Left to right, with their trainer certificates: left to right, Steven Beaven, Ron Bailes, Kyle Taylor, Kenneth MacKenzie, and Dave Avery. Behind them you can see the projection screen of the simulator which has been created to train drivers in the operation of the system.

Here's what the cab of the simulator looks like, with the ERTMS display screen in the centre of the desk. The controls on the desk are (from left to right) brake, windscreen wiper, horn, AWS acknowledge button, engine throttle, and forward-reverse switch. This layout is common to all the Class 15x trains; on the old first-generation units, as we recall, the throttle was to the laft and the brake to the right.

Here's what one of the control centre workstations looks like, with its array of what looks like Dell computer equipment and the level crossing CCTV screens above.

This view, kindly supplied by one of our driver friends, shows what the driver's screen shows when operating as 'level 0' - when away from the ERTMS-fitted section, such as between Sutton Bridge, Shrewsbury and Birmingham. The screen simply acts as a speedometer. Apparently the indications will change to km/h once on the ERTMS-fitted line: the system will then have additional elements to indicate to the driver the appropriate speed to be maintained.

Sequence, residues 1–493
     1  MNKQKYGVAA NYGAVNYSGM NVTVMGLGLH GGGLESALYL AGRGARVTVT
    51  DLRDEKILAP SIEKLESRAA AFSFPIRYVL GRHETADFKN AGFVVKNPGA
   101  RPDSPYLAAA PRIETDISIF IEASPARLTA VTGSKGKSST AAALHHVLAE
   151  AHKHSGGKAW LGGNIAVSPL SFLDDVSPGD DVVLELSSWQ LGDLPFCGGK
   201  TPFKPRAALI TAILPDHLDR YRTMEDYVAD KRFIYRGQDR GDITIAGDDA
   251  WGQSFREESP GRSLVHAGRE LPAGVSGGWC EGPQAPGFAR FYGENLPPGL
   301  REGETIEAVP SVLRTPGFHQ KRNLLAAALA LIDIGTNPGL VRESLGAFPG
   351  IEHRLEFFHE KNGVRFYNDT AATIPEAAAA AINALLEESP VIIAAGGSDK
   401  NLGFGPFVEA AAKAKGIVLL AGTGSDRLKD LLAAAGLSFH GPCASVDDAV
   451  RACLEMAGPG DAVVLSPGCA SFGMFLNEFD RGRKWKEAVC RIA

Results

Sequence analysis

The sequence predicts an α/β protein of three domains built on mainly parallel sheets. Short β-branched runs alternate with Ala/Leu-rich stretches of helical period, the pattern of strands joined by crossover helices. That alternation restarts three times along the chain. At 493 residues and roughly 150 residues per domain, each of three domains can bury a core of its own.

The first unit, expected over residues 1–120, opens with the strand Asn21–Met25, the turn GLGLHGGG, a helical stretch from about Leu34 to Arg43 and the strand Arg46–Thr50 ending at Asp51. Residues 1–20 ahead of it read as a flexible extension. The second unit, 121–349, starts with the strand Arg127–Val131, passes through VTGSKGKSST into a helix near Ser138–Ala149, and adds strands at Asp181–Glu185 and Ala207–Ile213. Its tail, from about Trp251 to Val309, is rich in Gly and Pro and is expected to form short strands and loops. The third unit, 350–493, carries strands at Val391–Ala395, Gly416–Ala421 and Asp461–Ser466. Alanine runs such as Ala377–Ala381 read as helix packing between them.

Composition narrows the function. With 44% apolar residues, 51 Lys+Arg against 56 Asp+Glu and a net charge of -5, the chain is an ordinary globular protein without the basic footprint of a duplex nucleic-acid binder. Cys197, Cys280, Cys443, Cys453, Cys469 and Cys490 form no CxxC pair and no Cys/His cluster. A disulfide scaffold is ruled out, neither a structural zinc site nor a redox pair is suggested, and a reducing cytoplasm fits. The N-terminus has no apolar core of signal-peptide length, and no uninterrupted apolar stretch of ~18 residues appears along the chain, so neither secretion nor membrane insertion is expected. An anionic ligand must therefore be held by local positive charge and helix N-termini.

Above, Network Rail's depot outside Shrewsbury, with 97 302, one of its four ERTMS-project locos which are intended to haul all other trains other than Class 158s which venture on to the Cambrian lines.

Something of a mystery hangs over the 2010 season of 'The Cambrian' summer steam service which has been operated in recent times by West Coast Railways (WCRC). It has been stated that the service will run in 2010, although their website at the time of writing says 'Timetable and route for 2010 still to be confirmed.' 76079, the locomotive used in previous years, has been sold to the North Yorkshire Moors Railway, but according to Railway Magazine, another Ian Riley loco, 'Black 5' 4-6-0 44871, is to be fitted with ERTMS equipment. It will be certainly interesting to see how this is achieved, given the amount of equipment that is required; perhaps there is room under the tender for the doppler radar equipment, etc.